The Problem

Boxed’s homepage was going on 3 years old without any major updates in UI/UX. As a hyper-visible part of the product, and with new aggressive business goals, we needed a way to better communicate to our new visitors and users yet to order.

The Plan

We decided to incrementally make changes to the new user homepage and continually test as we go. The first version was created without any development, using our existing modules with updated creative. Our next step was to change the top banner, and eventually will update the entire experience.

 

 

Where we started

The last time we updated our homepage experience was in 2016. When we did so, we switched over to a header design very similar to what we have now on Boxed. Based on A/B testing, we found that it preformed better than the older version. From there our Product Design Manager, Jillian Crudo, lead an entire redesign that allowed marketing to better feature the on going campaigns and features like our referral program.

Wireframes depicting the updated modules For our current Homepage.

Wireframes depicting the updated modules For our current Homepage.

First iteration of the final UI designs.

 

 

Moving forward in 2019

When revisions to homepage were included in the roadmap, the product team decided to move incrementally to prove out the value of our design changes. For this reason and for the sake of resources, we decided to use our current homepage design, but rearrange the modules and update the creative to better appeal to new users.

 

Feature Requirements

 

Research, Discovery, and Sketching

During this stage, I read through Baymard’s e-commerce usability document on Homepage.

Sketches depicting WHAT SHOULD CHANGE ON THE CURRENT NEW USER HOMEPAGE

I also looked at over a dozen other companies to see what direct and indirect competitors are doing.

 

In the first version of the page, we decided to prove out our requirements by launching a version that required no development work, using our current modules.

 

 

Version two

For the second version, we went back to the drawing board and envisioned what we would want without restrictions.

 

The Product Managers decided we should focus on the top banner to fit it within the sprint. I did multiple versions of the banner and after collaborating with the marketing, and content teams, narrowed it down to a final version.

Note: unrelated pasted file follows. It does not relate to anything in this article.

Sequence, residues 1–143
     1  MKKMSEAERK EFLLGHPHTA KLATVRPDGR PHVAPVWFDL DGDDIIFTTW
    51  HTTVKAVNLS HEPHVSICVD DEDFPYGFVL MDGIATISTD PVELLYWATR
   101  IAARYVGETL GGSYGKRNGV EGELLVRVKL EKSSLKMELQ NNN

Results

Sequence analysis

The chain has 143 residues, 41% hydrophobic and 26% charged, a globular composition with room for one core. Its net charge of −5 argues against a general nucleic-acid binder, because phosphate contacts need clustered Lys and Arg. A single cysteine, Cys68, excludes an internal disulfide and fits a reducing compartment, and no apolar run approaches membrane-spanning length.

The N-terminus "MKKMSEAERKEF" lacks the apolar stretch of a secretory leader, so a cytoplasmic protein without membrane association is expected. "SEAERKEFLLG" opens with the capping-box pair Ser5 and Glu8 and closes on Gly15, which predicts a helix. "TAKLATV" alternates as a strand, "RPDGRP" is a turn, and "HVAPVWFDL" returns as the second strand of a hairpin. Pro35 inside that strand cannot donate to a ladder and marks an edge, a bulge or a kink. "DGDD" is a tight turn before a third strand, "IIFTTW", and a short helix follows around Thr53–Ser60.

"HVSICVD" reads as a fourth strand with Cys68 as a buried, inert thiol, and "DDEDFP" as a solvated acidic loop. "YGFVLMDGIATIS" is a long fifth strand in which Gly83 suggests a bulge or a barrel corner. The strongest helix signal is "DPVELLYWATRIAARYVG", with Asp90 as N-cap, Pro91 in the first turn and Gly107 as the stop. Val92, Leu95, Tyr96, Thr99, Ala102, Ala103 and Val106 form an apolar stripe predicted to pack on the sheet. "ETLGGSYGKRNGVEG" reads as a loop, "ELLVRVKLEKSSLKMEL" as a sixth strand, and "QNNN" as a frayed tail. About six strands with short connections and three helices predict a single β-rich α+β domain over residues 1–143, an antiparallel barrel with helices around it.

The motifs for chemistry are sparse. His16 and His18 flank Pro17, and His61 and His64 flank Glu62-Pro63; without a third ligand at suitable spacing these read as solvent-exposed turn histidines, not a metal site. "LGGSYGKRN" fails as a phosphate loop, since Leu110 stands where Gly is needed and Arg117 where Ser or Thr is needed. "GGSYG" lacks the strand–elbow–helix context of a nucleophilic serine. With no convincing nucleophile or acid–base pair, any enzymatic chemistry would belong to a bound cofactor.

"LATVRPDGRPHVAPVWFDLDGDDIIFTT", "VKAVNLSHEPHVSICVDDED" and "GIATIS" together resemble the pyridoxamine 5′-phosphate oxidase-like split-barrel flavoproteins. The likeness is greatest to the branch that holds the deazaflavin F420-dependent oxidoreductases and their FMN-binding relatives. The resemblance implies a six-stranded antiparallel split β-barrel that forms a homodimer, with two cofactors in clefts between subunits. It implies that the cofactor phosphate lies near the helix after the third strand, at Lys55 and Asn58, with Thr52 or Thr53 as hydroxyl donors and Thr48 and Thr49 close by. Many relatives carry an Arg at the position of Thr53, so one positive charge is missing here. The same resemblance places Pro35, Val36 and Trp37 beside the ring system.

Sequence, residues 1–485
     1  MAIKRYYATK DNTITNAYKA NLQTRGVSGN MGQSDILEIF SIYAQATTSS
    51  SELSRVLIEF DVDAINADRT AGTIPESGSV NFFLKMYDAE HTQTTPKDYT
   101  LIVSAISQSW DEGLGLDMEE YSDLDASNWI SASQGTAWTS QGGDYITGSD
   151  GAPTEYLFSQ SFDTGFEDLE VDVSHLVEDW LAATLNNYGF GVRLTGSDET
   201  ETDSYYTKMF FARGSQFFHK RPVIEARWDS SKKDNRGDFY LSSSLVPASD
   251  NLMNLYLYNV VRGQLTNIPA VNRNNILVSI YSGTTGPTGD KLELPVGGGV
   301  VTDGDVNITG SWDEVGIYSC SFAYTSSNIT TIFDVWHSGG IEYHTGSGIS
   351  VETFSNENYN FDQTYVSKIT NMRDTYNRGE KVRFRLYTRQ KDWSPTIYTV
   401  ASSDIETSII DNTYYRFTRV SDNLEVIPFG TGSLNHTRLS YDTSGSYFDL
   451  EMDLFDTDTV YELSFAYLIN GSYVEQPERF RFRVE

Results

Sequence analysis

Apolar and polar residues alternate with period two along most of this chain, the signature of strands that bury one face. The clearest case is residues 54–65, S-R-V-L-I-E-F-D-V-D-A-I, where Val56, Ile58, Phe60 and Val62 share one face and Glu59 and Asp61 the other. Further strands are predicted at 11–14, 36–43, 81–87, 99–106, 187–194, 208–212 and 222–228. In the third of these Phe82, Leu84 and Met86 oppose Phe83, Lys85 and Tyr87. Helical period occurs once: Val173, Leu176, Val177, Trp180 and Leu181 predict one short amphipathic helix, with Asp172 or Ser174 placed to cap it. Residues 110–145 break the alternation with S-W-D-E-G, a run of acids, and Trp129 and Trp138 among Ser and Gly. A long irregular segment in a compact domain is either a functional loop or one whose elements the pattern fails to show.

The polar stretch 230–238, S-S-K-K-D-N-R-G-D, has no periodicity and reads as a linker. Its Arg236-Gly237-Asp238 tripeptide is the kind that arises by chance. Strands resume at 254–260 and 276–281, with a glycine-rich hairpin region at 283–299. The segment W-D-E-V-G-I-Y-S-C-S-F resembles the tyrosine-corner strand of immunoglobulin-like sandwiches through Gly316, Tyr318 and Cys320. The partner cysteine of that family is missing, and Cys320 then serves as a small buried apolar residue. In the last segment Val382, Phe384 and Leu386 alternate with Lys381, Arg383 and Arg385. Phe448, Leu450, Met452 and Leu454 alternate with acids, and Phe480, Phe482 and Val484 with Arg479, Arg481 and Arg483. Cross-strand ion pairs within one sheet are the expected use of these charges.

Further Research and Sketching

To narrow down the responsive versions and solidify the final design, I went back to research and sketching to inform my decisions.

 

Four versions of how we could translate our desktop preview to mobile

 

Prototyping the interaction

headerdemo.gif
 
iPhonePrototype-dot.gif
 
iPhonePrototype-failedexample 2.gif
 
 

 

Revisiting our Assumptions

After meeting with the content team, we realized that we should revise the design to make it easier for the team to update content. We decided to simplify the responsive versions, moving the text below the image. We also tweaked the template to make it easier for the content team to re-purpose our photography across all screens.

Final Responsive Banner - Centered Text - Desktop

Final Responsive Banner - Left Aligned Text - Desktop

Final Responsive Banner - Right Aligned Text - Desktop

Final Responsive Banner - Left Aligned Text - Desktop

Final Responsive Banner - iPad and iPhone

 

To make sure the handoff between product and marketing/merchandising was smooth, I came up with a photoshop template for the content designers to use when making banners. I also created prototypes using these designs to test the viability of the feature in front of users, as well as demonstrate the functionality to developers and marketing once our banner proved usable.

A video walk-through of the photoshop template for the content team.

Video prototype of the desktop functionality

 
Guidelines for the content marketing team

Guidelines for the content marketing team

 

 

Going forward

Looking to the future, the plan is to hard code these designs and prove their viability with the help of the data science team. Based on click through and cart averages, we’ll move forward and code these into our internal content management system, so that the content marketing/merchandising teams can continue to manage the homepage with the latest campaign initiatives. Ultimately, we would like to do this for the entire homepage, creating the best experience for both the user and the business.

 

 

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